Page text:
ECONOMIC GROWTH likely picked up last quarter from the preceding three months’ disappointing six percent, analysts of First Metro Investment Corp. (FMIC) and the University of Asia and the Pacific (UA&P) said in their latest joint assessment, even as they still slashed their full-year 2018 projection.
The analysts now see full-year growth at 6.5-7%, down from their original forecast of 7-7.5%.
The updated forecast matches state economic managers’ tempered 6.5-6.9% full-year 2018 outlook that compares to an original 7-8% target. The Cabinet officials said they needed to be more realistic given tighter credit conditions, the impact of a trade war between the United States and China, as well as surging global oil prices.
The Philippines’ gross domestic product (GDP) expanded 6.3% last semester, compared to 6.6% a year ago.
It grew by 6.7% in 2017, with the third quarter alone posting 7.2% — the fastest clip that year.
The Philippine Statistics Authority is scheduled to report September factory output and October inflation data on Nov. 6, September merchandise trade and third-quarter farm output data on Nov. 7, and third-quarter GDP performance on Nov. 8.
The central bank’s Monetary Board then meets for its seventh and penultimate policy review for the year the succeeding week on Nov. 15.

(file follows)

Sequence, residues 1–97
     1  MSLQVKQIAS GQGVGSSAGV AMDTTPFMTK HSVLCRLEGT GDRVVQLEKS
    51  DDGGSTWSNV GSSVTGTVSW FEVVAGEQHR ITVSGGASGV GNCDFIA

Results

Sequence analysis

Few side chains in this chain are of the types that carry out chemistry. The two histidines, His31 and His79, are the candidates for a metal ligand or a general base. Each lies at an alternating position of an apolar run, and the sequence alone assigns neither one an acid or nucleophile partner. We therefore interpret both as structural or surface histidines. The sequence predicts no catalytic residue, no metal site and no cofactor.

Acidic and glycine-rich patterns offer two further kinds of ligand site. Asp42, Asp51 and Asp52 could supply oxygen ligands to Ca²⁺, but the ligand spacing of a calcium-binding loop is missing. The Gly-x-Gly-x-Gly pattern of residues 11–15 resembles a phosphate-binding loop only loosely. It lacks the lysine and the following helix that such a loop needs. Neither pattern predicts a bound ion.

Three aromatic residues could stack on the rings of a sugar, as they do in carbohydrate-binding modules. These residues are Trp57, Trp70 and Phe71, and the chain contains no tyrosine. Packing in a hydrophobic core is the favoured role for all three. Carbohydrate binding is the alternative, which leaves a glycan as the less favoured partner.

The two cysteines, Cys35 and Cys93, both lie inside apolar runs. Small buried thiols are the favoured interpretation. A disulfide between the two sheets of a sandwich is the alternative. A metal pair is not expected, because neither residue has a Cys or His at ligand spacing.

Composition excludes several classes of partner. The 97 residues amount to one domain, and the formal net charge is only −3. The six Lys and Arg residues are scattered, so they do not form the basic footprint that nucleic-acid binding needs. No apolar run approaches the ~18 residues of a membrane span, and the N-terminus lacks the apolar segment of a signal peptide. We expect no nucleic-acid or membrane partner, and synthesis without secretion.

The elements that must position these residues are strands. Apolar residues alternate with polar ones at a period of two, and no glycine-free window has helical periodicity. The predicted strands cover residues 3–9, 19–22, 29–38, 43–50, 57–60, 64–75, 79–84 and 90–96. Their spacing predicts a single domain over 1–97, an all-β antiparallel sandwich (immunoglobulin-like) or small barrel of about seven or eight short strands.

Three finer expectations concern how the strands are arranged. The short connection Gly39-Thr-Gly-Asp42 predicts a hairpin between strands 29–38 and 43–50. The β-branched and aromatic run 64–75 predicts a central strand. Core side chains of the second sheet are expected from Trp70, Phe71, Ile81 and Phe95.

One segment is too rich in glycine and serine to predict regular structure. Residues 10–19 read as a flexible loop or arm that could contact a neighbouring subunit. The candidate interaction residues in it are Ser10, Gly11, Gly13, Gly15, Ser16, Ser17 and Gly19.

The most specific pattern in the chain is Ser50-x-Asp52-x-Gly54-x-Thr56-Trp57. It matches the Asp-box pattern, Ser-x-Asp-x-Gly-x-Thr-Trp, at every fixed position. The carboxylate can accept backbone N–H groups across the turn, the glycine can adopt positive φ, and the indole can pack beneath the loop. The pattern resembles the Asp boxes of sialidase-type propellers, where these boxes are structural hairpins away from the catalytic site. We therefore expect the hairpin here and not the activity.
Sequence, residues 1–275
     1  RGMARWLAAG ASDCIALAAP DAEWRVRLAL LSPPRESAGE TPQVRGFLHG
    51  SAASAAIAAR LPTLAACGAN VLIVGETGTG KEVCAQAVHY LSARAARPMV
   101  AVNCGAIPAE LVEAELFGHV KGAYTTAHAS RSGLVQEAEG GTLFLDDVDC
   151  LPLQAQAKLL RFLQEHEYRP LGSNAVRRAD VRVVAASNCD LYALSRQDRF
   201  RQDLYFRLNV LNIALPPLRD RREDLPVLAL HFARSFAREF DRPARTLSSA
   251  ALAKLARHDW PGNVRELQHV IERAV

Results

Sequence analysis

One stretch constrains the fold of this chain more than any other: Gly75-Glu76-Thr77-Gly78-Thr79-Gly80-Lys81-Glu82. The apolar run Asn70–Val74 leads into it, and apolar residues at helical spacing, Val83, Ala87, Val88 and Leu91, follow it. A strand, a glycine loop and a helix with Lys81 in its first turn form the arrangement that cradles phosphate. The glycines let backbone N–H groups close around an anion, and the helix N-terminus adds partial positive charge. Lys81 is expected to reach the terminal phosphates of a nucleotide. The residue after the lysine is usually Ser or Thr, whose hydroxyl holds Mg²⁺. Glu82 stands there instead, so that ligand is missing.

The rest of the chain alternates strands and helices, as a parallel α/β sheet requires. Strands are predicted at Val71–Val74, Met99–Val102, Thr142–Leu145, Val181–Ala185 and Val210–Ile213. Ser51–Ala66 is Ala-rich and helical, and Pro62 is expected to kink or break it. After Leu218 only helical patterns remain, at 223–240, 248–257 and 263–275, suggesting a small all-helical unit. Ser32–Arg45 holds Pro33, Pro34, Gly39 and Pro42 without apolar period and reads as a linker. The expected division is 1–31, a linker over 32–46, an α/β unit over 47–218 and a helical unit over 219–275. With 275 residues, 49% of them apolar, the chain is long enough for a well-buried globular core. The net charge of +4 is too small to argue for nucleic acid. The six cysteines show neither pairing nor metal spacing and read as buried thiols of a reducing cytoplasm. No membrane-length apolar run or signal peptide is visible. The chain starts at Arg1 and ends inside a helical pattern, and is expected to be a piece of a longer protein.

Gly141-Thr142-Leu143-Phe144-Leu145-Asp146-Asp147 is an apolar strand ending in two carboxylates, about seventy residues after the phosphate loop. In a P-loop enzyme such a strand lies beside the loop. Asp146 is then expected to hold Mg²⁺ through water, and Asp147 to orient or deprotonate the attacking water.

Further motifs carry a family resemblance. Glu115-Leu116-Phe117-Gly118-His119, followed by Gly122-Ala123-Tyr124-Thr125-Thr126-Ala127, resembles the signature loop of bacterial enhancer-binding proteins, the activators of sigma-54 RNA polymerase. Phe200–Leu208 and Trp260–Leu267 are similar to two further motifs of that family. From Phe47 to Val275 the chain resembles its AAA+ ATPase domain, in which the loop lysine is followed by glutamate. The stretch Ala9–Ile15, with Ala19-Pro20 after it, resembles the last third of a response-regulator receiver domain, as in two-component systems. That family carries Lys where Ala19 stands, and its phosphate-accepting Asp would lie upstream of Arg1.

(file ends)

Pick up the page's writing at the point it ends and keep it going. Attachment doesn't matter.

“The outlooks from the demand side — investments and exports — still look positive while slowing manufacturing and commodity prices rising at a faster pace cloud this view,” the economists said in the October issue of The Market Call published on Tuesday.
“Nonetheless, GDP should still handily grow by more than six percent in Q3,” they added.
“Capital goods imports soared by 39% in July, while National Government spending added fuel to growth with a 29% uptick, likely driven by infrastructure and capital outlays. Exports had their third consecutive month of growth, albeit still at a mild pace,” the report read, noting that “red-hot investment spending” likely helped prod overall economic expansion.
This, in turn, should help make up for tepid factory output growth and tempered consumer spending at a time of elevated inflation.
Prices of widely used goods climbed by 6.2% in the third quarter. Other bank analysts have said that this likely curtailed household consumption as they reeled from rising prices of food and fuel.
At the same time, FMIC and UA&P economists said they expect inflation to be on a downtrend in 2018’s last three months, with October, November and December rates at 6.4%, 6.1% and 6.2%, respectively.
On the monetary policy front, economists are seeing another rate hike from the Bangko Sentral ng Pilipinas amounting to 25 basis points this quarter. This is to cover for higher bus and jeepney fares next month, even as the rise of prices of rice, food and oil is expected to ease. — Melissa Luz T. Lopez